My wonderful husband was a tower of strength through the whole process, attending the hospital each morning before breakfast to help me shower, get dressed and prepare for the day’s activities. I think the very fact of being dressed for action was a positive step.
Aside from the usual ‘during the night’ sleep interruptions from the nurses, one evening I was awakened by someone pulling back the covers and attempting to get into the bed! This turned out to be an elderly patient who was somewhat confused about where she was. All I could do was stretch out one arm and try to keep her out! With some difficulty, I called the nurse and asked her to please ensure my persistent visitor stayed within her own boundaries, whereupon I was asked if I would like a sleeping pill so that I wouldn’t be disturbed!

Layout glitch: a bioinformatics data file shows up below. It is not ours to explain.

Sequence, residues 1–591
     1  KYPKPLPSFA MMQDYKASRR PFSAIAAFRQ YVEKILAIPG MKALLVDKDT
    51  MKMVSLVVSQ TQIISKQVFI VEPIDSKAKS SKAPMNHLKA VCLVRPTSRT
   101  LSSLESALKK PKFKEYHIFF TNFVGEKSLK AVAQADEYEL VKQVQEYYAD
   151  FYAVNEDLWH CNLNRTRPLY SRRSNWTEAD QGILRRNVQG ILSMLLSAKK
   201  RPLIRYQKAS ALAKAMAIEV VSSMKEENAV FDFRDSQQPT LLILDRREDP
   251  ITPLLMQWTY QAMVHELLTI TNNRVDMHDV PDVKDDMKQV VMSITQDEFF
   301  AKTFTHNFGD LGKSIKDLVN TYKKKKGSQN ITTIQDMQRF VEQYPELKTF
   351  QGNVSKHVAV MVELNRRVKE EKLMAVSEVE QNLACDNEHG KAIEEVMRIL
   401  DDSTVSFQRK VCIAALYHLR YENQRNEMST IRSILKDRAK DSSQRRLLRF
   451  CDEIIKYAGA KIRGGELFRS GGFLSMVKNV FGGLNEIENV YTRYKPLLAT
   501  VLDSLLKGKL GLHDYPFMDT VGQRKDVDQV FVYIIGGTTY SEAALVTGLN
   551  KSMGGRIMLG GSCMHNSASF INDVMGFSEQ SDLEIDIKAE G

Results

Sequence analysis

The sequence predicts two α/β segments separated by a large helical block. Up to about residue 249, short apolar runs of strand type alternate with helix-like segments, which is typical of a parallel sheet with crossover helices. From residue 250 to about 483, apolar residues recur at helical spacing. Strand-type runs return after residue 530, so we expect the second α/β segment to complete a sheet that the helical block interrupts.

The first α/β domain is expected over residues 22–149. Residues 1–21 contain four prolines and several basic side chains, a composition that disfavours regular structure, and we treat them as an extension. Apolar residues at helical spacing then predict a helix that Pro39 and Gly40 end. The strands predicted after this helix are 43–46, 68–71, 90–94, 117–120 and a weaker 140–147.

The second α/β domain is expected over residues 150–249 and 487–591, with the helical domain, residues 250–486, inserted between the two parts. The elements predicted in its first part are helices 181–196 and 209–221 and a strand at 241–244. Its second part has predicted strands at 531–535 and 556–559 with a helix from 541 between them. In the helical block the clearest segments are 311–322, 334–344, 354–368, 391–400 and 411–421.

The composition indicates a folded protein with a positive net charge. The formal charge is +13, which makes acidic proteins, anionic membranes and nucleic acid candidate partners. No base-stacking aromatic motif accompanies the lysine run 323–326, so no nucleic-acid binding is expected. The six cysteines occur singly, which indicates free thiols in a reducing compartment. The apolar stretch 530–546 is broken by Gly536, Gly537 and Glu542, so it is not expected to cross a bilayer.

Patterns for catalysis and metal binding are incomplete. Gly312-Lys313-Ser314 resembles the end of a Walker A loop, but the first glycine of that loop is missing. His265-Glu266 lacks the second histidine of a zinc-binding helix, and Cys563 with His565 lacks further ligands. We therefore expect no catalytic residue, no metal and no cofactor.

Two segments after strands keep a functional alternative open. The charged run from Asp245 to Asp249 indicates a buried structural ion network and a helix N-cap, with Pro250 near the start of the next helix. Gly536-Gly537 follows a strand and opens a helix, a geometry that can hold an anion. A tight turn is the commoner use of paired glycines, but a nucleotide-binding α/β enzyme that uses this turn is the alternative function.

On another occasion, while trying to walk around my bed unassisted, I managed to fall over and couldn’t get up. This prompted a rush of staff to my bedside, but eventually by turning myself on to my knees and with some help I was able to be resettled back on top of the bed.]
Virtually straight away I was shuffled off on a walker to physio, then graduated within days to the challenge of elbow crutches. I was making some progress now, although painfully slow, and by week’s end was judged well enough to return home.
The hospital had made provision for various aids to be installed in the home, without which there was no way I could have managed. I needed help to get out of bed and assistance with showering and very basic needs. Once home, I attended physio regularly and found myself struggling to shuffle with baby steps. Fortunately my hands recovered remarkably well and that gave .me great cause for optimism. The first year of recovery was exhausting and progress slow, so very slow. Rising from a seated position was a real trick. It was a difficult time and emotionally draining. Life had changed overnight. Fortunately for me, Mary McAlister’s empathy, encouragement and gentle support was at hand. A thousand thanks, Mary!